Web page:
Boston Marathon bombing suspects Tamerlan, 26, left, and Dzhokhar Tsarnaev, 19. (AP)
The al-Qaida online magazine Inspire reportedly was hacked by U.S. intelligence officials in an effort to sabotage it, according to The Washington Post.
And the hacking seemed to do its job, at least temporarily, according to the report. When the magazine was published on May 14, the Post reported, its first page appeared garbled and the following 20 pages were blank.
The corrupted version of the magazine was quickly taken down. A restored version was published on May 30. According to ABC News, it “devotes a significant portion of its 30-plus pages to the April 15 bombing.”
The English-language magazine published by al-Qaida in the Arabian Peninsula is printed in English and may have served as a tool for the Boston Marathon bombing suspects, according to previous reports.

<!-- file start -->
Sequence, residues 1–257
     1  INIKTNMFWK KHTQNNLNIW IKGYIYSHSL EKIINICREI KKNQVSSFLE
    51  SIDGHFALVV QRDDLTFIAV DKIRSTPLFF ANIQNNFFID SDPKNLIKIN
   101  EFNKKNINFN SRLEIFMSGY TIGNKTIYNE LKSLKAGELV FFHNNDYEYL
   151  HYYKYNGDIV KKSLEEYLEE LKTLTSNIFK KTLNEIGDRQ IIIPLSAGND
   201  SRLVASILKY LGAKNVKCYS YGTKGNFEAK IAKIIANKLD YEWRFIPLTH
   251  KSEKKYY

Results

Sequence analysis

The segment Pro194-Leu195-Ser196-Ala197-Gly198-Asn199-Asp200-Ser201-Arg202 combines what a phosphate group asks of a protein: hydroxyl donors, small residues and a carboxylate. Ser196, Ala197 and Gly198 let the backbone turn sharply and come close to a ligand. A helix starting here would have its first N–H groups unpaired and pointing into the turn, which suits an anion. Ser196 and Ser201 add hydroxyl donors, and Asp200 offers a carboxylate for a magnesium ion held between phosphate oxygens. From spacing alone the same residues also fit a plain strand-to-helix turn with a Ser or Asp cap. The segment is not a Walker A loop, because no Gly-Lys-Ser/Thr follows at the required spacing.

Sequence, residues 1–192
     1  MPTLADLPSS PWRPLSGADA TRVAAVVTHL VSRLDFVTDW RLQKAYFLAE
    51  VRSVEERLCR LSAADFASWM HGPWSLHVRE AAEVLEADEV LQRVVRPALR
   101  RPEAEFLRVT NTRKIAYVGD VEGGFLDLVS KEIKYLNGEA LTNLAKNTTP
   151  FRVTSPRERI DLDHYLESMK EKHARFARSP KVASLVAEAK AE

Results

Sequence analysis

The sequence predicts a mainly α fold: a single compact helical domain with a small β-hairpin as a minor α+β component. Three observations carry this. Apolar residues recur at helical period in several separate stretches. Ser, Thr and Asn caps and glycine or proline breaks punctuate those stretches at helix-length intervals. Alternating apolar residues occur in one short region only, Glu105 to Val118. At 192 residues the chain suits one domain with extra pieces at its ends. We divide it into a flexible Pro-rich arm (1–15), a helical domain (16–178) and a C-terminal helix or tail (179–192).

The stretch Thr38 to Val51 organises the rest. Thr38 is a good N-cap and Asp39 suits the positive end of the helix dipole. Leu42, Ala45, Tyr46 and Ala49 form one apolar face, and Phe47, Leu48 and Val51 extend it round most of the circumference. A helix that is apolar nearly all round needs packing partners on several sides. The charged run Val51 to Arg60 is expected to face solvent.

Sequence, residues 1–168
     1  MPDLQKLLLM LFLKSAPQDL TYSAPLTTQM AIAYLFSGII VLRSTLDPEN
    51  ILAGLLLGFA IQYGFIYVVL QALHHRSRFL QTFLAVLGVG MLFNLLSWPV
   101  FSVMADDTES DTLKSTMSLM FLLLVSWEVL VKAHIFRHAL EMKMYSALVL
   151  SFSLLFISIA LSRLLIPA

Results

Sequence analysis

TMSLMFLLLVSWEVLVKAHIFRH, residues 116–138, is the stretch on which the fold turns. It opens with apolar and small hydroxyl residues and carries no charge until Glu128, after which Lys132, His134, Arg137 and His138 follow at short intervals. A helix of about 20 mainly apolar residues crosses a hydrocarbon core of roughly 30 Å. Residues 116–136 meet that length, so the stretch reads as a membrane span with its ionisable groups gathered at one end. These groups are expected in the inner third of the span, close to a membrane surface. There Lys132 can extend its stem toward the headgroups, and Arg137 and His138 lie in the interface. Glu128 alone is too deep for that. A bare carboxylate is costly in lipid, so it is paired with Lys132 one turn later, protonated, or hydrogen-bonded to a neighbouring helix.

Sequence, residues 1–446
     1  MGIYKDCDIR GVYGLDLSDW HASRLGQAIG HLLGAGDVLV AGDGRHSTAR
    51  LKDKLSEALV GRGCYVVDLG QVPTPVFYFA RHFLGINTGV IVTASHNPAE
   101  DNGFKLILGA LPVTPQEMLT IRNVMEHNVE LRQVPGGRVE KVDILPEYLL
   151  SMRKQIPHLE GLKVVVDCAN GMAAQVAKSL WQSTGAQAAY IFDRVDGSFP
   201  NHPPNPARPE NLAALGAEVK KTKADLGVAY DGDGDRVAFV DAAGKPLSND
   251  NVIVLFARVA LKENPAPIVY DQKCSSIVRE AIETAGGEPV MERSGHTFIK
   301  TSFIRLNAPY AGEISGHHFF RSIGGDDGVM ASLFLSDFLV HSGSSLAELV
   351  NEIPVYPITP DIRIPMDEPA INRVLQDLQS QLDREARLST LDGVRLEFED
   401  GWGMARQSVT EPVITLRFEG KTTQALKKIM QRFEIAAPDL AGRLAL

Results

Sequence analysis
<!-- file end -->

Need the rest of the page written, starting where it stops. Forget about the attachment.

ABC News also reports the magazine appeared to reference its possible link to the Boston attacks, which killed three and injured 260: "Lone-Jihad is impossible to counter and stop, except when basic cooking ingredients and building material become illegal!"
A previous issue of the magazine gave instructions on how to create a pressure cooker bomb similar to the ones used in the Boston bombings. The headline: “How to build a bomb in the kitchen of your mom."
The U.S. government deemed the publisher, a 25-year-old blogger named Samir Khan, so dangerous that he was killed in a drone strike in Yemen in 2011.
A U.S. intelligence officer quoted by The Washington Post explained the magazine is targeted because it “has a specific readership—a following. People will look for it, as opposed to something randomly posted. Two, it is very user-friendly. Inspire uses pictures and step-by-step diagrams, and that’s a problem.”
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